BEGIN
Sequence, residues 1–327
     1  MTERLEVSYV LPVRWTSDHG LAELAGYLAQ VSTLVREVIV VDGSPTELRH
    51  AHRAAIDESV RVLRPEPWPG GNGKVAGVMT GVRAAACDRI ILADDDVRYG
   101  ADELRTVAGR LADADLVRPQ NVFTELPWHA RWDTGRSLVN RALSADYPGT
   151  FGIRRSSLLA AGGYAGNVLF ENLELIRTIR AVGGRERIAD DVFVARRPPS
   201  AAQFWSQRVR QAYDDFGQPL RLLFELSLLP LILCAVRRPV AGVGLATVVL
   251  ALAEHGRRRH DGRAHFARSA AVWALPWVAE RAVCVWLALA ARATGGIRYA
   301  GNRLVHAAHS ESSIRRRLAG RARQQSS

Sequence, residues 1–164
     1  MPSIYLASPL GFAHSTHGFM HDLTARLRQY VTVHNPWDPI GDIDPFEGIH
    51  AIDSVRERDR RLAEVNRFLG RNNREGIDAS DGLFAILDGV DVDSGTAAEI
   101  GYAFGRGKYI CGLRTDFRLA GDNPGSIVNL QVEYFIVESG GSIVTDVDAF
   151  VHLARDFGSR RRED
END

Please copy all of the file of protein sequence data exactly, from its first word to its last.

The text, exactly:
Sequence, residues 1–327
     1  MTERLEVSYV LPVRWTSDHG LAELAGYLAQ VSTLVREVIV VDGSPTELRH
    51  AHRAAIDESV RVLRPEPWPG GNGKVAGVMT GVRAAACDRI ILADDDVRYG
   101  ADELRTVAGR LADADLVRPQ NVFTELPWHA RWDTGRSLVN RALSADYPGT
   151  FGIRRSSLLA AGGYAGNVLF ENLELIRTIR AVGGRERIAD DVFVARRPPS
   201  AAQFWSQRVR QAYDDFGQPL RLLFELSLLP LILCAVRRPV AGVGLATVVL
   251  ALAEHGRRRH DGRAHFARSA AVWALPWVAE RAVCVWLALA ARATGGIRYA
   301  GNRLVHAAHS ESSIRRRLAG RARQQSS

Sequence, residues 1–164
     1  MPSIYLASPL GFAHSTHGFM HDLTARLRQY VTVHNPWDPI GDIDPFEGIH
    51  AIDSVRERDR RLAEVNRFLG RNNREGIDAS DGLFAILDGV DVDSGTAAEI
   101  GYAFGRGKYI CGLRTDFRLA GDNPGSIVNL QVEYFIVESG GSIVTDVDAF
   151  VHLARDFGSR RRED